Italian Wine Regions
With so many spectacular wine regions around the world, it is sometimes difficult to pick one.
Time and time again, Italy is at the very top for wine production. Italian wine regions have approximately 400 varieties of grapes native to the country, which ensures there is a wine to suit everyone. Italy also offers some of the best wine tasting experiences in the world.
With every trip we plan to Italy we dive deep to learn about the client’s wine preferences. Do you prefer reds or whites? If reds, do you like light reds or prefer bolder, bigger wines? This ensures that the wine region you are visiting offers the wines you love.
Below I am highlighting 3 of the major wine regions in Italy...
TUSCANY – one of the world’s most famous wine regions… rolling hills lined with vineyards and Cypress trees with farmhouses in the background… the views are magical in this region. You may not know there are three very distinct wine growing areas within Tuscany.
The Chianti region – This region lies mostly between the cities of Florence and Siena. Chianti wines are made mostly from Sangiovese grapes, only a small percentage of other varieties may be used. Chianti is typically considered a lighter wine, robust yet fruity in flavor.
The Brunello region – Brunello wines are made from 100% Sangiovese grapes. Brunello di Montalcino is a red Italian wine produced in the vineyards surrounding the town of Montalcino located south of Florence. Brunello wines are deep, robust red wines that are high in tannins, and considered the most expensive classic Tuscan wine.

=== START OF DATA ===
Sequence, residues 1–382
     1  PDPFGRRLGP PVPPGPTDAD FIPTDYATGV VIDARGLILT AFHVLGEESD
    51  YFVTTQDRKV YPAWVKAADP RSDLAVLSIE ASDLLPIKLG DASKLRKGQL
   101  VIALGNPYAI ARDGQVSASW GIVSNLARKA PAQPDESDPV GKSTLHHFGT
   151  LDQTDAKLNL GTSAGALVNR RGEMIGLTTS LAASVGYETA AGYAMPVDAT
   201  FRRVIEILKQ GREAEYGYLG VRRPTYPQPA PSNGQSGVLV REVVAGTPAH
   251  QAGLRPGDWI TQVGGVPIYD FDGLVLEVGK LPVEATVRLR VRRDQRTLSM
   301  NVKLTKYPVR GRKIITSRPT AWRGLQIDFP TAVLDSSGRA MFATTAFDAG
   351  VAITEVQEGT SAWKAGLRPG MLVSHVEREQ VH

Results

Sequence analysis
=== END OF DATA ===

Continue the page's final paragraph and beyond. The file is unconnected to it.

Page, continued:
The Super Tuscans – This is a local take on the classic Bordeaux blend of Cabernet, Merlot, Syrah, and Cab Franc. Bolgheri is the coastal region where Super Tuscan wines are produced, located to the west of Florence. The mixture of international grapes and local varieties along with the sea breezes allow for production of wonderful red blends.
PIEMONTE – This is among the world’s very finest wine regions. Located in northwest Italy, the region shares borders with France and Switzerland and is surrounded by mountains on three sides. The area is famous for its red wine production using the Nebbiolo grape. The two best known wines made from this grape are Barolo and Barbaresco. These wines are high in tannins which allow them to have an exceptional aging potential. A good vintage will be at its best between 10 and 30 years old, and many can go 40 years or more.
VENETO – The Veneto is a large wine region in the northeast of Italy, not far from Venice. While the region is very well known for its production of Prosecco, they also produce Amarone della Valpolicella and some white wines. The Corvina grape is used to produce the dense, rich red wine known as Amarone. The incredibly diverse terroir with volcanic soils, hilly and flat areas allow for the production of many different wine styles in this region… enjoy everything from sparkling wine, light and drinkable to full bodied and intense red wines.
So, which one of these wine regions are you looking forward to exploring? Do you have a group of friends or colleagues that may enjoy a wine themed trip to Italy? I would love to help handcraft your itinerary. Contact me to start planning!
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